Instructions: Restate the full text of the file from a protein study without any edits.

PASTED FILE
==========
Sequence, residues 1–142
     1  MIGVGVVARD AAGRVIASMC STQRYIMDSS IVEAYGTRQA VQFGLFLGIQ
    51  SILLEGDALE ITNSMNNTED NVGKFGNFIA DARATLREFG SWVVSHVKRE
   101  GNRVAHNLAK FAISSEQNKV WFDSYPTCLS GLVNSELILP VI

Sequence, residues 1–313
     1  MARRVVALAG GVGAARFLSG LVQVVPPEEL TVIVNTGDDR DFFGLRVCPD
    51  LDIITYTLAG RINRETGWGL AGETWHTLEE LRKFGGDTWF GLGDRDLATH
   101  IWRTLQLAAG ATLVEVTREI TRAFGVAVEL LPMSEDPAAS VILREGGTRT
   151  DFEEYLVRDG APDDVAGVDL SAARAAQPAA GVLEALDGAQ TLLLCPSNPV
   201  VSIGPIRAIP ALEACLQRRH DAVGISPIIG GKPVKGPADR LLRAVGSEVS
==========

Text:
Sequence, residues 1–142
     1  MIGVGVVARD AAGRVIASMC STQRYIMDSS IVEAYGTRQA VQFGLFLGIQ
    51  SILLEGDALE ITNSMNNTED NVGKFGNFIA DARATLREFG SWVVSHVKRE
   101  GNRVAHNLAK FAISSEQNKV WFDSYPTCLS GLVNSELILP VI

Sequence, residues 1–313
     1  MARRVVALAG GVGAARFLSG LVQVVPPEEL TVIVNTGDDR DFFGLRVCPD
    51  LDIITYTLAG RINRETGWGL AGETWHTLEE LRKFGGDTWF GLGDRDLATH
   101  IWRTLQLAAG ATLVEVTREI TRAFGVAVEL LPMSEDPAAS VILREGGTRT
   151  DFEEYLVRDG APDDVAGVDL SAARAAQPAA GVLEALDGAQ TLLLCPSNPV
   201  VSIGPIRAIP ALEACLQRRH DAVGISPIIG GKPVKGPADR LLRAVGSEVS